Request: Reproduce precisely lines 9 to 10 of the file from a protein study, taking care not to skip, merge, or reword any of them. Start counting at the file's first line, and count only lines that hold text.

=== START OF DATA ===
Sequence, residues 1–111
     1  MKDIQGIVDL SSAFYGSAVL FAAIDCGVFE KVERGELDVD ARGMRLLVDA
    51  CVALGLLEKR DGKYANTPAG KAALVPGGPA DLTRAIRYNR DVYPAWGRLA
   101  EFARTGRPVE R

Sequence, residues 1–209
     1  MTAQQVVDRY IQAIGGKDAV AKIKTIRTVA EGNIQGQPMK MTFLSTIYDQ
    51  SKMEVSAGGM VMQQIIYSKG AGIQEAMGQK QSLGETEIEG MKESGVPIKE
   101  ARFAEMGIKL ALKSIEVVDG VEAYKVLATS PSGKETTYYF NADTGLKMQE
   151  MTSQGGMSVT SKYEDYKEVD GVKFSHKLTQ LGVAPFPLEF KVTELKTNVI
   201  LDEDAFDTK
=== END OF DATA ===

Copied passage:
   151  MTSQGGMSVT SKYEDYKEVD GVKFSHKLTQ LGVAPFPLEF KVTELKTNVI
   201  LDEDAFDTK